The left must be uncompromising in asserting some fundamental arguments against immigration controls, racism and austerity, argues Kevin Ovenden
Unite leader Len McCluskey said in his speech to the Labour Party conference: “I believe that the question of free movement of labour is a question not only in the UK but in Europe. No one talks of countries where migrant labour come from being denuded of skills.”
He did so in the context of explicitly supporting Jeremy Corbyn’s refusal to concede to calls from the right wing and soft left of the Parliamentary Labour Party for further immigration restriction into Britain, something which is now set to be a central dividing line in British politics.
McCluskey said that Corbyn’s call for collective bargaining rights, a minimum wage of £10 and hour and stronger union organisation addressed the issue of bosses super-exploiting many migrant workers.
At the same time, the British labour movement does have many examples of how this argument about immigration into Britain or other advanced countries coming at the expense of poorer ones has a very slippery history.
In the 1960s the Labour Party and trade union movement gave in to right wing demands for more immigration controls. There were figures on the right of the movement who used the argument about robbing poorer countries consciously as cover for that capitulation. Unlike leaders such as McCluskey today, they had up to that point shown little interest in opposing the way that colonialism and imperialism impoverished large parts of the world, forcing people to uproot.
Theirs was a very cynical argument to obscure their real position of “keep them out” and sometimes to gloss their own racist prejudices about black and brown newcomers to Britain.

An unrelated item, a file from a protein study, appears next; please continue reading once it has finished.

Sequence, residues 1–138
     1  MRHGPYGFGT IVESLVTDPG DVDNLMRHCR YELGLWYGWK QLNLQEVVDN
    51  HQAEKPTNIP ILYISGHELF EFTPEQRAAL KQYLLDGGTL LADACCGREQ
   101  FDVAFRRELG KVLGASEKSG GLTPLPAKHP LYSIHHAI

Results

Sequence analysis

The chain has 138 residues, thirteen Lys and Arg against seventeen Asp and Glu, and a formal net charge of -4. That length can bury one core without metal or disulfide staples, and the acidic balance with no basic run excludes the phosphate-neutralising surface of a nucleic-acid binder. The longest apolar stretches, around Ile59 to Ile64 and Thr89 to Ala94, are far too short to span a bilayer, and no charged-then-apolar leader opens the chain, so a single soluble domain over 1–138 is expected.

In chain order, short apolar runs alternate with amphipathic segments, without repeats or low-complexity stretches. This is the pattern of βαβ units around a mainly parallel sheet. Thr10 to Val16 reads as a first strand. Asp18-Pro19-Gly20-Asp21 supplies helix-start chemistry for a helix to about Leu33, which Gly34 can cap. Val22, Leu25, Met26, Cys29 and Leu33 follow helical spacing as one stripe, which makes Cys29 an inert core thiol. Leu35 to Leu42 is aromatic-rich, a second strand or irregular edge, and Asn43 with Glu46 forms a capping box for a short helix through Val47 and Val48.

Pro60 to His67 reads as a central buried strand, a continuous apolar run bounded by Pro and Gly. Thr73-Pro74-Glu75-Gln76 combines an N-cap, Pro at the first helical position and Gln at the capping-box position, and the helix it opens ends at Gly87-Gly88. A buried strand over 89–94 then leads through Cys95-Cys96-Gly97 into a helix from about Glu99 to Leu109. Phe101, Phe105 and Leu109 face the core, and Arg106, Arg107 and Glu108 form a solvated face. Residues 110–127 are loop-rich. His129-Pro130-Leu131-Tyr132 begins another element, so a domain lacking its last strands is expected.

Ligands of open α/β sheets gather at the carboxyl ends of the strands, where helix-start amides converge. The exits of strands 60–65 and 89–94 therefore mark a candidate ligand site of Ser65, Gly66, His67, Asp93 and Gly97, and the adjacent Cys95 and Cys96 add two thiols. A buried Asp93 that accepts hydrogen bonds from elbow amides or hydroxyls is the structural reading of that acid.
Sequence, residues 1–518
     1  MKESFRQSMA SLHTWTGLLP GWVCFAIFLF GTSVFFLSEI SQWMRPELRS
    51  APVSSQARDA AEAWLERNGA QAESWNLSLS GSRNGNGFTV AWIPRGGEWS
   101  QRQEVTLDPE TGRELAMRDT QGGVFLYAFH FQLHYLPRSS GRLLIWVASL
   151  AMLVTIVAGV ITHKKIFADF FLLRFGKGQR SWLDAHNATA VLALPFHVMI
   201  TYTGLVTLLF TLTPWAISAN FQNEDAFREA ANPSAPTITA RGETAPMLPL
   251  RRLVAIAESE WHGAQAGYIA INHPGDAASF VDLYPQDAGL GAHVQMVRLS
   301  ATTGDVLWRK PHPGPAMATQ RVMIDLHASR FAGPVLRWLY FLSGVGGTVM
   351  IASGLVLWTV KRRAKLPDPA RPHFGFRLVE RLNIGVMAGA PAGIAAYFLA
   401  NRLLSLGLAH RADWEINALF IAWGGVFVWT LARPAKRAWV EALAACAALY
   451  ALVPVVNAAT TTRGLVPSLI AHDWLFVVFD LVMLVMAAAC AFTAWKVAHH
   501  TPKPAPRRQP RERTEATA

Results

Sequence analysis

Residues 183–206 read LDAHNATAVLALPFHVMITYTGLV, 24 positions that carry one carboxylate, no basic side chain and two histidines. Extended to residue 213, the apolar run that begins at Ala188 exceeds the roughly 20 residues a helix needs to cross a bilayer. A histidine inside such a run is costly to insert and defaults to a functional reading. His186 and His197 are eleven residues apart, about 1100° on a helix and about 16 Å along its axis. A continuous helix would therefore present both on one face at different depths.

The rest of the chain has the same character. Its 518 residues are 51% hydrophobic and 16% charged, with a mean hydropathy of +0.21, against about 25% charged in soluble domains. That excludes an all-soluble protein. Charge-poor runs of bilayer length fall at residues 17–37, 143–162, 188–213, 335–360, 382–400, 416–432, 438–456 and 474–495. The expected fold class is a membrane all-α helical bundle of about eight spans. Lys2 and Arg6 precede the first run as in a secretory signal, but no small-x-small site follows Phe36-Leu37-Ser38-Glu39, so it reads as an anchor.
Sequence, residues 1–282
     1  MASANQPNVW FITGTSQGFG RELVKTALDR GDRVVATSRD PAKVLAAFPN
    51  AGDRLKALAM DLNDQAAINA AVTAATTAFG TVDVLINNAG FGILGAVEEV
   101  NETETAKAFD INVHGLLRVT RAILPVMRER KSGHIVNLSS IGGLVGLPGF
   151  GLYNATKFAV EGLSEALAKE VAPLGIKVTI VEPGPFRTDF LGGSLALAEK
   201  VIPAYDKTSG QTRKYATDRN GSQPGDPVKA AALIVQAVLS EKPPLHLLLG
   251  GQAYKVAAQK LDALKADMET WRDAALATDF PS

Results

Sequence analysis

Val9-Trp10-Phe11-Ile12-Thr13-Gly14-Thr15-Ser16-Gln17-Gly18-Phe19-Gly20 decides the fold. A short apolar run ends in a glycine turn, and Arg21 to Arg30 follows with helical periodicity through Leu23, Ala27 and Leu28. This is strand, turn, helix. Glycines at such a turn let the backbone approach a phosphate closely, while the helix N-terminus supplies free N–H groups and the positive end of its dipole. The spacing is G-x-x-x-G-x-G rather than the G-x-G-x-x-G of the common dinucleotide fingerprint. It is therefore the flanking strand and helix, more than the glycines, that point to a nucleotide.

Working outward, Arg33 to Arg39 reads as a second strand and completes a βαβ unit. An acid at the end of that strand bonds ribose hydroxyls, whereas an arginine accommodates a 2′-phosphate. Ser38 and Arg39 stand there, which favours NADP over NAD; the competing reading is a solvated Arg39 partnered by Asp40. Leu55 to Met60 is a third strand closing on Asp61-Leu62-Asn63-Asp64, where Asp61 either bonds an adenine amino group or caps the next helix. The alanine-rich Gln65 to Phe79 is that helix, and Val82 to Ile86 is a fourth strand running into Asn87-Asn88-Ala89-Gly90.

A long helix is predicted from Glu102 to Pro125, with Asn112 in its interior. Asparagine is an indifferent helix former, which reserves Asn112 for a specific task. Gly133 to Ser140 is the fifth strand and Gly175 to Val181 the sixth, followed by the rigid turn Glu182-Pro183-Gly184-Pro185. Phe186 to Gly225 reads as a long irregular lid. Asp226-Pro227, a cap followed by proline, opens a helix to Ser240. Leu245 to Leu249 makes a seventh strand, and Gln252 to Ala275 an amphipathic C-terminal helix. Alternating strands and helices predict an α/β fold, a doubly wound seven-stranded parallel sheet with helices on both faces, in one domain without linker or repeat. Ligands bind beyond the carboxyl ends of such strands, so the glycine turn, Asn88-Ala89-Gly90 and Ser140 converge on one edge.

From others at the time who were not racist, and even anti-racist, the argument was put more with the motivation of seeking to evade the difficult job of opposing head on the anti-immigration agitation. That meant having to deal with racist and anti-immigrant ideas among trade unionists and working class people.
It meant being prepared to fight within the membership you represented against all reactionary ideas, rather than just seeking to reflect the balance of averaged opinion and restricting your fight to taking on only what most people would regard as extreme and unacceptable racism.
We can see this argument deployed in that kind of way today in the European labour movement, even on parts of the radical left. Jean-Luc Melenchon in France tends towards this tactic of evasion in much of what he says about immigration and refugees. So do some figures in Die Linke in Germany. And it has for many years been common across the radical left in Greece, even as it fought successive austerity governments.
How should the anti-capitalist left respond? First we must recognise that the direct argument against the anti-immigration brigade cannot be evaded, avoided, “reframed” or otherwise dealt with through apparently presentational techniques. It has to be met head on.
This requires being uncompromising in asserting some fundamental arguments:
1) Migrants do not lower wages. Bosses lower wages.
2) It is the Tory government which has cut welfare, health and education spending. Migrant workers pay through taxes for those services just as much as anyone else. Often their education has been paid for out of taxation in the countries they came from. So they bring their capacity to work and their skills to a society which has not had to contribute to developing them in the first place.
3) It is immigration control, with all the repressive apparatuses of the state, not immigration which creates conditions for the employers and the Tories to attack all workers. Special work permits, removing the rights of some workers (new arrivals) to access welfare and legal protections and so on are the kinds of things which make them more vulnerable to greater exploitation.
If you were brought up in Hartlepool and you move to get a job in Leeds, you are not lowering the level of wages in Leeds. But if in Leeds you are not granted the same rights as those who were brought up there, because you have come from Hartlepool, then bosses in Leeds are in a stronger position to exploit you all the more. This is especially so if you have hanging over your head the threat of deportation to Hartlepool if you step out of line in Leeds.